A prospective Bible shortage drives home the unhealthy reliance of the US publishing industry on China’s printers

Leaving aside any debate about the rights and wrongs of the US-China trade dispute and tariffs being imposed by both sides, the dispute has brought to the fore the unhealthy reliance of US publishers on China – or more specifically of US publishers that have their books printed in China.

An estimated 150 million Bibles are printed in China each year and imported to be sold or, often, to be given away as part of the evangelism efforts of Christian organisations.

According to a report on Fox23, the two largest Bible publishers in the United States, HarperCollins-owned Zondervan and Thomas Nelson, command 38% of the American Bible market and around 75% of total manufacturing costs are incurred in China.

Fox23 notes the NDP group (NPD BookScan and PubTrack Digital) captured 5.7 million print Bible sales in the U.S. in 2018, way ahead of Michelle Obama’s Becoming, which sold 3.5 million according to BookScan.

The real sales for Bibles will be higher still, as NDP figures do not capture direct sales, which in this sector may be substantial.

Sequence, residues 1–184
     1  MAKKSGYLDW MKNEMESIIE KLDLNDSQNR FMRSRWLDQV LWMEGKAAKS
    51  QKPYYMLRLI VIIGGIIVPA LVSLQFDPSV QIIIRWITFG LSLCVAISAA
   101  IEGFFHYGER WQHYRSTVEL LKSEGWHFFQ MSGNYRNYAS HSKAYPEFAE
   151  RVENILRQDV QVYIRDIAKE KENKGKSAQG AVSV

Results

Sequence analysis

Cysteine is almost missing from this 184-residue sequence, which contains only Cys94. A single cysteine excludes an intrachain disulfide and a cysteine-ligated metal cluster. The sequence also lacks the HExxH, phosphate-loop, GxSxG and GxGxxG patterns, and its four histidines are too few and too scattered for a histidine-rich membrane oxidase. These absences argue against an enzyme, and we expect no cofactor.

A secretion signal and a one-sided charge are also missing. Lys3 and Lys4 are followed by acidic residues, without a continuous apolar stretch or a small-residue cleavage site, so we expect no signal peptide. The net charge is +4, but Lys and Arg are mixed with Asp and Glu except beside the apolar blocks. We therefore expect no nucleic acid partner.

Bibles, along with children’s books, are deemed to have specialised printing requirements domestic US printers are not best equipped to handle, or at least not at an acceptable price. Meaning that even if tariffs were introduced that made China less attractive for the work, the domestic producers might not be able to meet demand.

Stan Jantz, president and CEO of the Evangelical Christian Publishers Association, told Fox23 that over half of worldwide Bible production takes place in China.

It’s not clear just how dependent the wider US publishing is on China, but regardless of how this particular dispute between  the US and China pans out, it is not a healthy situation when a trade war or any other political rift between two countries can threaten to bring an industry sector to its knees.

For emerging market book industries the repercussions could be more serious still, with no domestic production options to fall back on.

It would be trite to say digital is the solution. The optimal publishing model is one that gives consumers choice about what formats they want, and clearly print is going to remain popular for the foreseeable future.

But one thing digital does do is put the publisher in control of production and production costs, and can help reduce reliance on external factors.

For that reason alone digital should be an essential component of any publishing operation, wherever it may be.

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